Resurrection in Black and White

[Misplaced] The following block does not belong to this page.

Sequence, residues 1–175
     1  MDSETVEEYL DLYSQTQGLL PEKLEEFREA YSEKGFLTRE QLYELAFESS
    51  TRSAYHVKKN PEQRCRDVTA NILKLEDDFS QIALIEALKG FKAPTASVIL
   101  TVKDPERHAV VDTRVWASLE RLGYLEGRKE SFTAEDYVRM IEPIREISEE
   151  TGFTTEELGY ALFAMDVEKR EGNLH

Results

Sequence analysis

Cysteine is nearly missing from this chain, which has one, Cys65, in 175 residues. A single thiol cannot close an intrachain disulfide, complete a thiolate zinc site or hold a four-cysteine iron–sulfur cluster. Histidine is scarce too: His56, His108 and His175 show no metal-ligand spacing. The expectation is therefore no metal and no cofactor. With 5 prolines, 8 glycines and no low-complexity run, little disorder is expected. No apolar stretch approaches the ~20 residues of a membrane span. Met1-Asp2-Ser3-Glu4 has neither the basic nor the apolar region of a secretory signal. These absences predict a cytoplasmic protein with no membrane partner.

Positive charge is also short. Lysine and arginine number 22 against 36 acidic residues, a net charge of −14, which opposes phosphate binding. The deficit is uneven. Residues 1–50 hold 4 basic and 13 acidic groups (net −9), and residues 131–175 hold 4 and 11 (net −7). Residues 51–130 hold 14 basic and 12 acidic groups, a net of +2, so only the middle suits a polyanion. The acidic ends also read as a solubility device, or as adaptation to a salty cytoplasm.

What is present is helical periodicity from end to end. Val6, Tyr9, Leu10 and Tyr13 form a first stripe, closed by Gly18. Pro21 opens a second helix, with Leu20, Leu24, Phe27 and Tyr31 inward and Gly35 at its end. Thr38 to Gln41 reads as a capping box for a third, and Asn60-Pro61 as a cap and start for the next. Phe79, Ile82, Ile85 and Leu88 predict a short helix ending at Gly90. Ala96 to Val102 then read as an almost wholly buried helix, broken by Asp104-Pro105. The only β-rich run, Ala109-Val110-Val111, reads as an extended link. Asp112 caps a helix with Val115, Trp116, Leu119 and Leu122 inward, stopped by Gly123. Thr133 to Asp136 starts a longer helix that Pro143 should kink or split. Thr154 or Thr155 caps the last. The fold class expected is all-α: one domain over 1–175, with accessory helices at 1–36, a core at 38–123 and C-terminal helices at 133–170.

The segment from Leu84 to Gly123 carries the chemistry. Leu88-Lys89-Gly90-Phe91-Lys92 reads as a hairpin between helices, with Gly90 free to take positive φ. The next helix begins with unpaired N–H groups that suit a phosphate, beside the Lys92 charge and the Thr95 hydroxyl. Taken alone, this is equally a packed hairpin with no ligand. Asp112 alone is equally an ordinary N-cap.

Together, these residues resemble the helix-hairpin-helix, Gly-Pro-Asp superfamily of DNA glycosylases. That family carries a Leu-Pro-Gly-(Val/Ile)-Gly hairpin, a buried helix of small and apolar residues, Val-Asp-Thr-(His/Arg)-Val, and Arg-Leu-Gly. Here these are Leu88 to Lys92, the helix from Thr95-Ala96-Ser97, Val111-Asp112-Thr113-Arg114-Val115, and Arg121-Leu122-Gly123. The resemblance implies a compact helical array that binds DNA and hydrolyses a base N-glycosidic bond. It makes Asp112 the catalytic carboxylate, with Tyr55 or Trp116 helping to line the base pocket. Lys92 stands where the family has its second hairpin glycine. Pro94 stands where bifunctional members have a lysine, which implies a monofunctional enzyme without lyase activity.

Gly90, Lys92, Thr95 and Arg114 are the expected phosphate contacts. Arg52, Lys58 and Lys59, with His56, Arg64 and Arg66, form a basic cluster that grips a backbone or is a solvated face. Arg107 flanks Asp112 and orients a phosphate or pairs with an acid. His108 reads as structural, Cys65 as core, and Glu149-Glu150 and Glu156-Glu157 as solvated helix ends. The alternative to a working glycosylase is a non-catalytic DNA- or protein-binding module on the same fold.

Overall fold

Charlie dabbed the quill in the inkwell and carefully filled out the the blank pages of the journal. It was salvaged from a chest that managed to keep it dry within the secret compartment of the captain’s wardrobe, and when her Squirrel handed it over Charlotte DuRay was so thrilled she almost kissed the gangly, bushy-haired young man. Charlotte was forging her masterpiece; or rather, the provenance for her masterpiece. She meticulously copied the manifest of a recently discovered shipwreck on the beach of a tiny island in Indonesia: port stops, crew, passengers, cargo, significant events. She left out no details throughout the dozens upon dozens of pages, while making one addition to the cargo in an otherwise unremarkable entry in December, 1781. It was the addition of a painting being delivered to a collector in London, “Le Petite Mort”, a 17th century oil on canvas of a young woman by a French artist. Disappeared before it could be photographed, it had been described as having a Vermeer-like quality of capturing light.